A long-running conversation among county officials at board meetings, workshops and public forums these past few years has been the subject of economic development.
At the core of the discussion has been how to best serve McLeod County businesses, invite new development, and grow the tax base to keep local communities vibrant. At its April 20 meeting, the McLeod County Board signaled a major step in its plan by approving the responsibilities and pay range of a county-level economic development director. A posting for the position can now be found on the county website.
“Recruitment is going well,” said McLeod County Administrator Sheila Murphy. “People are applying, asking about it and sharing it.”- Advertisement –
So long as the process finds the right candidate, she said, the plan is to have someone in the role early June. Reaching this point comes after a series of prior steps the county has taken in recent years.
In 2016, the county developed a digital “tour book” for its website, which helped introduce prospective visitors to county history, business and industry. In 2017, the county hosted the University of Minnesota Extension and invited local business people and elected officials to take a deep dive into the county’s main economic forces. From there, the county continued the conversation with businesses and city governments. Late last year, the county invited local economic development stakeholders to a discussion with Ady Advantage, a firm that specializes in economic development strategies. The county hired the consultant to help update its economic development strategy.
McLeod County Board Member Paul Wright said recently the county is in the last stretch of having the pieces in place to prepare for the future.
“In my opinion this is years overdue,” he said.
So, just what will be the job of the economic development director?
“We want to support our local businesses first,” Wright said. “We want to be able to have conversations between our businesses and ourselves, to see what they need and what the county government can offer.”
Organizations such as the Southwest Initiative Foundation and Mid-Minnesota Development Commission have programs and money to help local businesses — opportunities that can go underused by those they’re meant for, Wright said. The federal and state governments fund opportunities as well, and sometimes disperse those funds through local groups.
“You really need an ear to the ground to find out where they are,” Wright said.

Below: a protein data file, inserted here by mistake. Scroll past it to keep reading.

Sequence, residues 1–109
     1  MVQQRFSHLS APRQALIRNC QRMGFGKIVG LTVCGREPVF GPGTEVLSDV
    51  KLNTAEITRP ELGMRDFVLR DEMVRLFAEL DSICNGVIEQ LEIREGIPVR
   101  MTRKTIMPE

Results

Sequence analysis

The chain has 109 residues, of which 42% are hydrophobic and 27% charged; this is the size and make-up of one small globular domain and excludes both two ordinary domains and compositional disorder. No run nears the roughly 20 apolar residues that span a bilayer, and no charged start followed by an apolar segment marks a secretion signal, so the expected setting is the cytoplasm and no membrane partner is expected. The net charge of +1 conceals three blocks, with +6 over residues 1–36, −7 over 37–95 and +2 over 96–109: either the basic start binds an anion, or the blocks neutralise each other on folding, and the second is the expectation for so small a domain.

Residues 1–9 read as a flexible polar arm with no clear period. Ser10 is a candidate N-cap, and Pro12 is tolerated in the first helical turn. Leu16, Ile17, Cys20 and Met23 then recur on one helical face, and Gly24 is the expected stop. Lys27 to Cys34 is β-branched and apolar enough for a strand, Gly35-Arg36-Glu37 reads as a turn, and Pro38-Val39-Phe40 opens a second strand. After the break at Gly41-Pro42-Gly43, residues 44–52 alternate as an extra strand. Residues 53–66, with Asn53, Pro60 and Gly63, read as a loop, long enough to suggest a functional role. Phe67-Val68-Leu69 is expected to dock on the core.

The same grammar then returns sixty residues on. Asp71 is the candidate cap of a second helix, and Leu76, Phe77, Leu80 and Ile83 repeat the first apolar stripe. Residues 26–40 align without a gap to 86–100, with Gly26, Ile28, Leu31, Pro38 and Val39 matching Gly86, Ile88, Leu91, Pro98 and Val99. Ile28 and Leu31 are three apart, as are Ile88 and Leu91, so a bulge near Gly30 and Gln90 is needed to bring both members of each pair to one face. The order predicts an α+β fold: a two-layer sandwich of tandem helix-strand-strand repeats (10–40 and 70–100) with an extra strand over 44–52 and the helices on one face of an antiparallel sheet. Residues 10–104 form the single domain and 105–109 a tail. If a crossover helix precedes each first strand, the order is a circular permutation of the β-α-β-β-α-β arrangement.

When dispersing federal and state COVID relief funds, county staff found just how serious it can be to bridge the gap between businesses and government.
“We asked the state and the Association of Counties if there is a way to access (business information),” Murphy said. “And it’s not in one place. A lot of businesses aren’t up to speed.”
If the county had an economic development director who had built a local database of businesses, the county would have had an easier time sharing relief dollars.
“We would have been able to service businesses better,” she said.
Just this past week Murphy started reaching out to restaurant owners for whom she has contact information. The Small Business Development Center has been tasked with administering the $28.6 billion Restaurant Revitalization Fund, and the county wants local businesses to know how to register.
In addition to aiding with such tasks, the economic development director will also work to make other connections, such as those between businesses, if there are opportunities to share resources or services. By gathering information on the needs of businesses, the director will be able to bring their voice to discussions with lawmakers, such as when discussing improvements to U.S. Highway 212, an important manufacturing and commuting corridor for McLeod County.
Manufacturing is a major highlight in McLeod County’s economy, but agriculture and ag-related businesses are a key component as well, Wright said, with raw products such as meat, soybeans and milk produced locally.
“It would be great to bring new businesses here that would add onto our agricultural opportunities,” he said.
The director will be tasked with coordinating with economic development efforts in the county’s cities and make them regional.
For McLeod County residents concerned with their own year-to-year finances, focusing on economic development holds promise as well. The addition of new businesses, or the expansion of existing businesses, adds to the county’s overall tax base.
“Any time we bring in new value, it eases the tax burdens for the rest of the community,” Wright said.